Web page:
In people with IBS, the urge may come sooner with cramps and diarrhea. Contractions may be stronger after a large meal or a meal with a lot of fat in it. Many people with IBS learn to avoid certain foods, beverages, and medicines that seem to make their symptoms worse.

Stress can cause contractions of the colon in people with IBS. The reasons for this are not clear, but scientists point out that the colon is controlled partly by the nervous system. Learning relaxation methods and other ways to reduce stress can be helpful. Counseling and support help relieve IBS symptoms in many people.

What foods may cause IBS symptoms?

Some foods that may cause symptoms include:
  • Fatty foods like french fries

  • Milk products like cheese or ice cream (especially in people who have trouble digesting lactose, or milk sugar)

  • Chocolate

  • Alcohol

  • Caffeine (found in coffee, tea, and some sodas)

  • Carbonated drinks like soda

  • Sorbitol, a sweetener found in dietetic foods and in some chewing gums

  • Gas-producing foods including beans and certain vegetables like broccoli or cabbage.

You may want to keep a journal keeping track of the foods that seem to cause trouble. If certain foods cause your symptoms to flare up, you can try eating less of those foods.

Discuss your findings with your doctor. You also may want to consult a registered dietitian, who can help you make changes in your diet.

What can I do to help my IBS besides avoiding problem foods and beverages?

Drinking lots of water and increasing your fiber intake may help, especially if constipation is a problem. Fiber is found in bran, bread, cereal, beans, fruits, and vegetables. It's a good idea to increase the fiber in your diet gradually to avoid causing gas and pain. Many people with IBS also use a fiber supplement to add soluble fiber, often from psyllium seeds, to the diet.

Regular exercise can help with constipation and improve your health in other ways. Look into support groups, stress reduction methods or counseling if you think they might be helpful. Be careful about using laxatives, anti-diarrhea or other over-the-counter medicines to treat yourself. They can cause problems if misused. Other kinds of medicines sometimes make IBS symptoms worse, too.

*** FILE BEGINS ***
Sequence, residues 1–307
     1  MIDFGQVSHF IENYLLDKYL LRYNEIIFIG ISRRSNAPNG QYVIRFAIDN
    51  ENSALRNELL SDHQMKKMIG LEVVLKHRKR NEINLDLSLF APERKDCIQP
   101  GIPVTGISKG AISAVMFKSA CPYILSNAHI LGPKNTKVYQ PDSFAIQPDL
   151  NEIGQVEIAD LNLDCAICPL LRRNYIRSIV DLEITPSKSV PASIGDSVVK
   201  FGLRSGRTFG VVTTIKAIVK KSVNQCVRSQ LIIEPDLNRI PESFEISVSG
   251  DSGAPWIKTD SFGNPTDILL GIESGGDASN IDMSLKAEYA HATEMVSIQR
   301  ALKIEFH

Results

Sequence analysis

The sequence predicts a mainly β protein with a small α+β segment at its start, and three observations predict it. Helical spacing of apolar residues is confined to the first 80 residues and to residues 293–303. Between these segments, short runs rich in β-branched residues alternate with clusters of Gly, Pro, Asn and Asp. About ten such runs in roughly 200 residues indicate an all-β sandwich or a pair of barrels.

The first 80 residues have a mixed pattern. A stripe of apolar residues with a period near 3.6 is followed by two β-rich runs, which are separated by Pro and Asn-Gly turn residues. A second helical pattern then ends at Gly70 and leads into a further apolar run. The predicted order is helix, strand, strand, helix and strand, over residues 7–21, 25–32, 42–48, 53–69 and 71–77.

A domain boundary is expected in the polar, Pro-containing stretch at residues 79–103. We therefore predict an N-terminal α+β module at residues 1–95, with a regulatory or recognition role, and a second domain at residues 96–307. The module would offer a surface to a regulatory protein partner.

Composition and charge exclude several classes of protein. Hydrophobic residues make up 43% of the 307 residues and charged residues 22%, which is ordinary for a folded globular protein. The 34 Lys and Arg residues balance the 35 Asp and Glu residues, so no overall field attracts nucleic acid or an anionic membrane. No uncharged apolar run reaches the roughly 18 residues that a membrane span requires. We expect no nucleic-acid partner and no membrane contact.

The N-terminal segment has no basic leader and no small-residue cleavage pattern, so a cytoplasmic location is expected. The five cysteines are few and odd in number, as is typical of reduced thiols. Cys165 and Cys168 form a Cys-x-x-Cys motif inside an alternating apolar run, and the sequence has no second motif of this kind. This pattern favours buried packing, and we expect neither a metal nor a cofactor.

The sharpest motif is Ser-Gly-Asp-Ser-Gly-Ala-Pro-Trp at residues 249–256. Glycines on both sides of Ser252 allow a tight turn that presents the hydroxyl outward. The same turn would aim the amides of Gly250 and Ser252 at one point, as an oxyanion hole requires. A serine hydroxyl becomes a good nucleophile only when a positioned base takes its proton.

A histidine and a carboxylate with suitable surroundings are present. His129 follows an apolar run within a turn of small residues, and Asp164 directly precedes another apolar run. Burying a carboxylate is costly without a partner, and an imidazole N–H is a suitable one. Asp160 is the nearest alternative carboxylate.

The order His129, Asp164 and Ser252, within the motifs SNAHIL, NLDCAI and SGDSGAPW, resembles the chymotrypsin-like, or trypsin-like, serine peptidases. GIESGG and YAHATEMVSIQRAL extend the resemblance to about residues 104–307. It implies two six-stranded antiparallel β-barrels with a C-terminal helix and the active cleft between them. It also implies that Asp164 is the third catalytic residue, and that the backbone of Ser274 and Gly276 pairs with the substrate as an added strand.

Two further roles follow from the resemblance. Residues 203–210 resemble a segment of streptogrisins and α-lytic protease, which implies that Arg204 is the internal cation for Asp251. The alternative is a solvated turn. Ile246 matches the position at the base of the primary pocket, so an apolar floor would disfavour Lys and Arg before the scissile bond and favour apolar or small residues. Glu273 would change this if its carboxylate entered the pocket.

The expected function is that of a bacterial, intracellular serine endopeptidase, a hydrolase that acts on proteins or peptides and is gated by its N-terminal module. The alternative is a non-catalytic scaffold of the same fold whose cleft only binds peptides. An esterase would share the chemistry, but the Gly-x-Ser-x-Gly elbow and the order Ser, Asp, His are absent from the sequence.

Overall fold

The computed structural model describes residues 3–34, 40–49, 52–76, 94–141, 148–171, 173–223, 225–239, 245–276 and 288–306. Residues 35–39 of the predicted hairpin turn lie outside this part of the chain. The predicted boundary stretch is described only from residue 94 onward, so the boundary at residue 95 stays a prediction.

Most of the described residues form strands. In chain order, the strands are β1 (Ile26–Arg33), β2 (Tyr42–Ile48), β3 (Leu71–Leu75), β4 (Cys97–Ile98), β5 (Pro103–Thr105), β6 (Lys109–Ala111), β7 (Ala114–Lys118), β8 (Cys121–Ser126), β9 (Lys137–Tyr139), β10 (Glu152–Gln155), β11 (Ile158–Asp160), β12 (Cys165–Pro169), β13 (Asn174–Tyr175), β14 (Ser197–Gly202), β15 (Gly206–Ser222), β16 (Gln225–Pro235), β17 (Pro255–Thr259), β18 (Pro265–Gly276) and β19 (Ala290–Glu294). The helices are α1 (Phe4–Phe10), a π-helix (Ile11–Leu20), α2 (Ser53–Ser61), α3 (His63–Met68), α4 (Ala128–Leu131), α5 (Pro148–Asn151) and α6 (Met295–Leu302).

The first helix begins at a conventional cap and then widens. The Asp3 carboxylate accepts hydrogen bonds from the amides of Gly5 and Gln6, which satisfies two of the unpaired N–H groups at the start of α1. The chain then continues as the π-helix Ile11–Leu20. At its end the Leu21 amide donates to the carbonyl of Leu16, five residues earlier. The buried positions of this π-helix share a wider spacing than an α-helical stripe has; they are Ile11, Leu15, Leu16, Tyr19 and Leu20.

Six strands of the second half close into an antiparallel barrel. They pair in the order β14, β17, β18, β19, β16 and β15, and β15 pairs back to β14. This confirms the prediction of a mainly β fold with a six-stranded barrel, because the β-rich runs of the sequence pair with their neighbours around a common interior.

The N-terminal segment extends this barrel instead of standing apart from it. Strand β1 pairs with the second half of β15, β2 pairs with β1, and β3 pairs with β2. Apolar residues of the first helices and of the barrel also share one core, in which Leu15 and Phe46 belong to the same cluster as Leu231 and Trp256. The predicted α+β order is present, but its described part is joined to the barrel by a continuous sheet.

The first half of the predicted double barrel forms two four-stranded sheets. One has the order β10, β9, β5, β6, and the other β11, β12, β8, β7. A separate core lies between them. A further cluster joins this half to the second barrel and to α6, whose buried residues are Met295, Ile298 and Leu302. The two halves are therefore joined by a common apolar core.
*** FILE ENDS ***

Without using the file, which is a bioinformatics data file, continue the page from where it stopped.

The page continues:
What medicines are used to treat IBS?

Medicines sometimes used for IBS symptoms include:
  • antispasmodics—drugs that control colon muscle spasms and help with diarrhea and pain

  • tranquilizers and antidepressants to help with stress, anxiety, and depression.

Be sure to follow your doctor's instructions for use of all medicines. Some medicines including laxatives can be habit-forming, and all drugs have side effects. Tell your doctor about any over-the-counter medicines that you use. New drugs are being developed for IBS—ask your doctor about new treatment options.

For more information about irritable bowel syndrome, contact the National Women's Health Information Center at (800) 994-WOMAN (9662) or the following organizations:

National Digestive Diseases Information Clearinghouse, NIDDK, NIH HHS
Phone Number(s):(301) 654-3810, (800) 891-5389
Web Site:

National Library of Medicine—Medlineplus
Web site:

American Society of Colon and Rectal Surgeons
Phone Number(s): (847) 290-9184
Web Site:

American College of Gastroenterology
Phone Number(s): (703) 820-7400
Web Site:

The information in this FAQ was adapted primarily from materials from the National Institute of Diabetes & Digestive & Kidney Diseases (NIDDK), including "Irritable Bowel Syndrome" and "What I Need to Know about Irritable Bowel Syndrome."

Reprinted from the Office on Women's Health in the Department of Health and Human Services.